Funding

Awards for MSP began in 2003 and are still active today in all 50 states and the District of Columbia. SEAs may apply for MSP grants and then LEAs apply for a subgrant from the SEA. In 2003 the total appropriation of awards was 12.5 million dollars and by 2008 this had increased to 178,978,000 million dollars. The average new award in 200 was $3,236,593. The National Science Foundations also runs a separate MSP that follows the same model at the section under NCLB but receives significantly more funding (in 2003, the NSF Mathematics and Science Partnerships received 160 million dollars in funding as compared to NCLB’s 12.5 million dollars).[8] Changes Overtime Mathematics and Science Partnerships have received an increased amount of funding year after year but have continued to follow the same model and requirements of partnership. The program was originally administered by the Department of Education through competitive grants but has since switched to grant money being distributed at the state level.[9]

References

  1. ^ http://www.stemedcoalition.org/about-us/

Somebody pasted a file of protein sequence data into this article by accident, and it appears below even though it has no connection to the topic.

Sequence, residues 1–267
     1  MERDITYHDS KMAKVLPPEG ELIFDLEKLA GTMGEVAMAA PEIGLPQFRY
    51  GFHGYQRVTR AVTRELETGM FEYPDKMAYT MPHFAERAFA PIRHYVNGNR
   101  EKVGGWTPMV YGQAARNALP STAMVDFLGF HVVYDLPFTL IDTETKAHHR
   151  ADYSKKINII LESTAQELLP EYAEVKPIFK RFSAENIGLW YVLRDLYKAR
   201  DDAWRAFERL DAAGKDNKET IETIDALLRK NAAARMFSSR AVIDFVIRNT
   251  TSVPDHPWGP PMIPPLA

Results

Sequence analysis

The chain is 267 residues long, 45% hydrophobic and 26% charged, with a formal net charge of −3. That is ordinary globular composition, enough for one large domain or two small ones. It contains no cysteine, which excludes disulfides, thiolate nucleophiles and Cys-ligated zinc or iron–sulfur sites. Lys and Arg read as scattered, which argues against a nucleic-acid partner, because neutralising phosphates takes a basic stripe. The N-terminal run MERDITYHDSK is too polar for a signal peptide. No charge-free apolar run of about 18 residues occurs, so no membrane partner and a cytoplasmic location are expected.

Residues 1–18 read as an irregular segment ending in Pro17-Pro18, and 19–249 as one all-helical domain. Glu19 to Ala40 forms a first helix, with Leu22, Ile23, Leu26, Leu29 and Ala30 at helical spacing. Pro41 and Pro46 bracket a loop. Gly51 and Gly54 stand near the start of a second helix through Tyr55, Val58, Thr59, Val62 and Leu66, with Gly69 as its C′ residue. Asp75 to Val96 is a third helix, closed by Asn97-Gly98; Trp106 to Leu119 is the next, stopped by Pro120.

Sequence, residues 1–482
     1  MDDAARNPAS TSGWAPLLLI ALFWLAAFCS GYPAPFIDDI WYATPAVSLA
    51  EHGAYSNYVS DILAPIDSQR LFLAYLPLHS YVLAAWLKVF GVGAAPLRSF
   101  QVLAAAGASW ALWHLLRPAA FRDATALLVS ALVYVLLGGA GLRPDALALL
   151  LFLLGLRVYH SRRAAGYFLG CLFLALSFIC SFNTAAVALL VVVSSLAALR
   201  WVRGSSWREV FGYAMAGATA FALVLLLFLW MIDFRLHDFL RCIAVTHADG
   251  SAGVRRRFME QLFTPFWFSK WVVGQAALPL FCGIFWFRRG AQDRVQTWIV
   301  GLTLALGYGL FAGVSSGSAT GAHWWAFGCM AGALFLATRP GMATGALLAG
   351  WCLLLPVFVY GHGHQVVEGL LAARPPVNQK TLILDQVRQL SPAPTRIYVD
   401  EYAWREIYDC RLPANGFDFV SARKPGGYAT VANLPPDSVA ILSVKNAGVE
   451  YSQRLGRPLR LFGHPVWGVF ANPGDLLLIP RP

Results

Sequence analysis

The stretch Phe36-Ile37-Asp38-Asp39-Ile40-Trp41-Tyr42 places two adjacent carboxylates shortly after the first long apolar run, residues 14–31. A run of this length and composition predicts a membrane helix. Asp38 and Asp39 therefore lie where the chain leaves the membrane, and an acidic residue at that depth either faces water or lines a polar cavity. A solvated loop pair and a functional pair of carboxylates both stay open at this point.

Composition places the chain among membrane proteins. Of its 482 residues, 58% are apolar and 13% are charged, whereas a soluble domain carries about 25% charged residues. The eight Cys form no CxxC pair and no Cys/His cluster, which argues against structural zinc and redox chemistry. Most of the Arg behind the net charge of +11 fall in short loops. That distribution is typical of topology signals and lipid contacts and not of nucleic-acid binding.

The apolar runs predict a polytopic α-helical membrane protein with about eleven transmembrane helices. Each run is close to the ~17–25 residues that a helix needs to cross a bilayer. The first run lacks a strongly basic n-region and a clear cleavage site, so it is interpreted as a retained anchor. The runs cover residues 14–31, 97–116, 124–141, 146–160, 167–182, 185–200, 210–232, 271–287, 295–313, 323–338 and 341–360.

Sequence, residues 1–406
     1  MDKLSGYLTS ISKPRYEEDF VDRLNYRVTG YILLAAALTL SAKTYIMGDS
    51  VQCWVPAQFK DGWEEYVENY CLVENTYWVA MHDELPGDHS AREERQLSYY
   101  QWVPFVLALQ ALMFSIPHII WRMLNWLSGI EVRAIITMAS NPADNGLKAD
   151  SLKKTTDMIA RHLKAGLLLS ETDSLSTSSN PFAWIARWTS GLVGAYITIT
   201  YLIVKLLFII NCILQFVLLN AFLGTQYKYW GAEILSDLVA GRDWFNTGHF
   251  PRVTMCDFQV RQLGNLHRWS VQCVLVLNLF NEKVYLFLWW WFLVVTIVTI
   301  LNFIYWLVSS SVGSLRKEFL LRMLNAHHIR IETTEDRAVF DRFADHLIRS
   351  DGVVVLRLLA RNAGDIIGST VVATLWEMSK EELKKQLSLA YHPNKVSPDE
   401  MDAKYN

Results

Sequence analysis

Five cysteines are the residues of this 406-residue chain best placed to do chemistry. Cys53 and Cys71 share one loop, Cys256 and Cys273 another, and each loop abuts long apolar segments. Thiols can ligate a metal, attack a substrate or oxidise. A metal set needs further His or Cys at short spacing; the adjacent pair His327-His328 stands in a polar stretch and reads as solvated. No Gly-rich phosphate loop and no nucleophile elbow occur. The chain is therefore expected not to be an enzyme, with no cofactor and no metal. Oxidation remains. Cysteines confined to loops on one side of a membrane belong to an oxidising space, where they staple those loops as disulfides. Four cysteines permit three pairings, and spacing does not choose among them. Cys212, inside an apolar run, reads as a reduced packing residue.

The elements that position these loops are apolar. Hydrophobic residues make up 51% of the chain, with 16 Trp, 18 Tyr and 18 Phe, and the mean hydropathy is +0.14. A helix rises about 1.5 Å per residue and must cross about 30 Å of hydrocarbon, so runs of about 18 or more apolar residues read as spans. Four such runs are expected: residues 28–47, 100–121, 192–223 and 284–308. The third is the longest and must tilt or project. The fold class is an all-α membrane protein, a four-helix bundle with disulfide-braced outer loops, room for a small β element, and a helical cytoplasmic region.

2. ^ http://www.nsf.gov
  3. ^ Kuenzi, Jeffrey J. ; Matthews, Christine M. ; Mangan, Bonnie F.Science, Technology, Engineering, and Mathematics (STEM) Education Issues and Legislative Options. Library of Congress Research Service. July 26, 2006.
  4. ^ Hill, Heather; Rowan, Brian; and Ball, Deborah. Effects of Teachers' Mathematical Knowledge on Teaching for Student Achievement. American Education Research Journal. 2005 42(2): 371-406.
  5. ^ https://msp.ed-msp.net/msp23d3AOW/do/searchCoordinatorByState;jsessionid=B3E49A038186E4B8EA9828FCBEBD32DC?displaymode=2
  6. ^ https://msp.ed-msp.net/msp23d3AOW/do/searchCoordinatorByState?displaymode=2&currentPage=6
  7. ^ O'Connor, James; Brie, Raymond.Mathematics and Science Partnerships: Products, People, Performance, and Multimedia. Computing Teacher 1994 1: 27-30.
  8. ^ i. National Council of Teachers of Mathematics. Educational Research in the No Child Left behind Environment. Journal for Research in Mathematics Education, 2003 34(3): 185-190.
  9. ^ http://www.ed-msp.net/index.php?option=com_content&view=article&id=19&Itemid=27